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  1. Serial port devices starting with tty are often times are owned by root, but group dialout. If that's the case, the easiest is to add your user to the dialout group. Should be something along the lines of (but check "man usermod" before running it): $ sudo usermod -aG dialout <USERNAME> If the device is user and group root, you'll need to write a udev rule to set permissions when the kernel registers the device. Some brief reading material: https://stackoverflow.com/questions/14291431/change-ttyusb-permissions-using-udev#14292077 https://www.linuxquestions.org/questions/slackware-14/udev-rules-and-ttys0-device-644237/ Short version is that there's a few udev/rules.d directories, and you'll need to make a new rule file to match your KERNEL ttyAML0 device, and either assign ownership to your user, change group to dialout, or just make it world writable.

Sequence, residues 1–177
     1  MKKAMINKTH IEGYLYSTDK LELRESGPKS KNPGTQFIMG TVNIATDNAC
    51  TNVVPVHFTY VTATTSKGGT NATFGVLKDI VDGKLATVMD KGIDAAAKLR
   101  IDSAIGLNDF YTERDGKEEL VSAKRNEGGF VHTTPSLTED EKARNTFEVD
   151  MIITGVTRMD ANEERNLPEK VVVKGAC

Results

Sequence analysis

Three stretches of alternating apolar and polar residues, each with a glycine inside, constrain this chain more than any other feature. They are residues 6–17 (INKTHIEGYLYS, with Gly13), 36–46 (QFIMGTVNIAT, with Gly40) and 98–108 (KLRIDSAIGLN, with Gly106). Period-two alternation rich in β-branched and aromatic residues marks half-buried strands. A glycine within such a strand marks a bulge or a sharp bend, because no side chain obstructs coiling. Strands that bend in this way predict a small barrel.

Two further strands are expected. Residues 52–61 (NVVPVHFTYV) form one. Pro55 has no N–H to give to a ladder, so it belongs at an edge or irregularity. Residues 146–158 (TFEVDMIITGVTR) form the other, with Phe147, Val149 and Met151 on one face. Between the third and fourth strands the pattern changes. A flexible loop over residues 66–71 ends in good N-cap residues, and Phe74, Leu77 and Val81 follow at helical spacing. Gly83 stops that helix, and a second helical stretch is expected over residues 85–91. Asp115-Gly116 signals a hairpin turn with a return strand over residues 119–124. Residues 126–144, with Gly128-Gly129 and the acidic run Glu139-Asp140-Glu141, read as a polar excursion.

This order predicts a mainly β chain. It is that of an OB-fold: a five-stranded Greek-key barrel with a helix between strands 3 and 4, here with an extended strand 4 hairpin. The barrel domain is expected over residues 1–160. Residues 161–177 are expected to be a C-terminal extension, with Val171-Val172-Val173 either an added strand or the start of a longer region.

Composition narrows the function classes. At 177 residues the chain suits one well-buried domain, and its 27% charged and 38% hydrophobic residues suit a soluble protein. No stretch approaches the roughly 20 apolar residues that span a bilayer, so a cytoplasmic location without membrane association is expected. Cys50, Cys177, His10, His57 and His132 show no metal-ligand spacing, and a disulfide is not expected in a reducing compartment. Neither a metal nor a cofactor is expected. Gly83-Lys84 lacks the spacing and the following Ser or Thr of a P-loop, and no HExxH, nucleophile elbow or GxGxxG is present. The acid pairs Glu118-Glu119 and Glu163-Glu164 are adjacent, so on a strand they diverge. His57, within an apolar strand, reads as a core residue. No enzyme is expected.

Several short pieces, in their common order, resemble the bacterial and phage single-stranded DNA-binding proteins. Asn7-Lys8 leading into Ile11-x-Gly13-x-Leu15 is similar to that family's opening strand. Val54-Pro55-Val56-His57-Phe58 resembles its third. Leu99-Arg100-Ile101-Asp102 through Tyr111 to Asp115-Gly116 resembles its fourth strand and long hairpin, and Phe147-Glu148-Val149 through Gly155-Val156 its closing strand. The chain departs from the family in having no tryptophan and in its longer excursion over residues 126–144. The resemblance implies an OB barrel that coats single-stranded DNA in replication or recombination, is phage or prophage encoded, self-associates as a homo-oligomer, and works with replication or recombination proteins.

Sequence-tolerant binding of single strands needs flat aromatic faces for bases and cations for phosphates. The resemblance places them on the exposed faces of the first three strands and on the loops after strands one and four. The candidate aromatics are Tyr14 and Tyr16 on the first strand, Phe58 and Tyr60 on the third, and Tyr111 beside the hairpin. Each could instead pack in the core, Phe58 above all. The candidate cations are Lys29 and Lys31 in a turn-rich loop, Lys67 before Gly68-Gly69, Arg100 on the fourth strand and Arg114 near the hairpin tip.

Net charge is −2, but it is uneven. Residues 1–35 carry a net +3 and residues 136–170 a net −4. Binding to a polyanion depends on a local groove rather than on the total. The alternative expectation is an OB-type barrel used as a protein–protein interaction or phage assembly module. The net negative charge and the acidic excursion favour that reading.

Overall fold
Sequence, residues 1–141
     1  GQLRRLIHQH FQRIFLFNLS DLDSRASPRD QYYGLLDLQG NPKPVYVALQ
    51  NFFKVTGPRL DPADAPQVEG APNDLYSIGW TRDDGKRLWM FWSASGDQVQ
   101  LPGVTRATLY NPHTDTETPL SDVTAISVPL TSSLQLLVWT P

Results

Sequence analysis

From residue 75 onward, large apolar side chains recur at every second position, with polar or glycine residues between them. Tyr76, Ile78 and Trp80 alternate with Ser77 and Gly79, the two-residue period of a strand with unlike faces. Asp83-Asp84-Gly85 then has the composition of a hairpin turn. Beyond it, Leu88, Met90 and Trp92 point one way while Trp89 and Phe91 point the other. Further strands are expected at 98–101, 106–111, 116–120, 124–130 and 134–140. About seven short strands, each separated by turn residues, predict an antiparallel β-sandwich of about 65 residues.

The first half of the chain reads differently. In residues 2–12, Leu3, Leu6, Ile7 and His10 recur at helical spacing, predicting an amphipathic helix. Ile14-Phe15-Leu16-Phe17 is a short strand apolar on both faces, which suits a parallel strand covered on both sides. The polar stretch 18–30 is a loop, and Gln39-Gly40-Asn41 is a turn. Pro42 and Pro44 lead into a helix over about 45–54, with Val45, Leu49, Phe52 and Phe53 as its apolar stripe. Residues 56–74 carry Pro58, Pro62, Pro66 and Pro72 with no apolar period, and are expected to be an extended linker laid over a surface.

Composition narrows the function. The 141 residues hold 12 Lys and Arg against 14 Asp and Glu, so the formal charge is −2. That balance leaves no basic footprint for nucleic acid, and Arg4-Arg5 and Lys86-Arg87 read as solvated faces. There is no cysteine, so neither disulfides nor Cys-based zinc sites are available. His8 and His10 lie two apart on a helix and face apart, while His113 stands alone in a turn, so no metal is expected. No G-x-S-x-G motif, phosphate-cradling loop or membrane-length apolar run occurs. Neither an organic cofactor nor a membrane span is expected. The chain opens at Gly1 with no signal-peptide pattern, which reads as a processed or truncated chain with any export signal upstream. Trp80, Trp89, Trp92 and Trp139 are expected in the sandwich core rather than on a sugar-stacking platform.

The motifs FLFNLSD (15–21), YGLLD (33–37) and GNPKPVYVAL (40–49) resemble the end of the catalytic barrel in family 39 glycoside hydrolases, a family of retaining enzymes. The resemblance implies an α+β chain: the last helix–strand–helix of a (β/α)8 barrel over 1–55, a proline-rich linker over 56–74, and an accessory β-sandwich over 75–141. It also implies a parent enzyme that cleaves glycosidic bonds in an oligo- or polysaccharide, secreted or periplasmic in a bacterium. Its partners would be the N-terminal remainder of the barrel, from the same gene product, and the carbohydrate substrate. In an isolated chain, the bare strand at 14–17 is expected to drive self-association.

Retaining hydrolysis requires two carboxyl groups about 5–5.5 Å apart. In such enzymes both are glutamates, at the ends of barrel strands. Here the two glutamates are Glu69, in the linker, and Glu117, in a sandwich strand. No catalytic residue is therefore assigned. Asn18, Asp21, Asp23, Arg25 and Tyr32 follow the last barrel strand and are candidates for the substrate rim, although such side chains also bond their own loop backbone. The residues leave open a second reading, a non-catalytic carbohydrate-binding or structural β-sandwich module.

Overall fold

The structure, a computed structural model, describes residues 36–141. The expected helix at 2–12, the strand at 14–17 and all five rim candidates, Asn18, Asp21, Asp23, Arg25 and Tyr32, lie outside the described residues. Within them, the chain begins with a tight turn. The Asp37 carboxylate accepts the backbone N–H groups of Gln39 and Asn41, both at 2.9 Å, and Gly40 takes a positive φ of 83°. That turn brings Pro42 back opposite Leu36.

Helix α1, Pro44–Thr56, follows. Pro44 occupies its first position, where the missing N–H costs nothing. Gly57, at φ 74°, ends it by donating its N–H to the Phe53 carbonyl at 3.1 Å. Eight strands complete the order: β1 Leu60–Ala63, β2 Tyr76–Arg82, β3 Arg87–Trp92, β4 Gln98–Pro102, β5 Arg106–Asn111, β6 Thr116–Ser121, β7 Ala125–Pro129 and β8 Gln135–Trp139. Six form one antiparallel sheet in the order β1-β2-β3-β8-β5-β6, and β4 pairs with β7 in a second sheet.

2. If the sysfs pwm device is showing up, I'm not following why you'd need libmraa to access it? If you'd like to have fewer moving parts, you should be able to do this entirely via DTB. I posted something similar for the fan on the NanoPI M4 metal case. https://forum.armbian.com/topic/17022-automatic-kernel-control-of-nanopi-m4-m4v2-metal-case-fan/ It was based on some earlier work the Kobol guys did for one of their NAS systems. You basically define the PWM as a fan control, give it a few operating levels, and tell the kernel that it's a cooling device for the CPUs. I also learned that depending on the PWM frequency, it can also create audible tones, which may or may not be desirable. You can also have it play music too, should you be so entertained ... https://forum.armbian.com/topic/19050-playing-with-a-fan-on-an-nanopi-m4v2/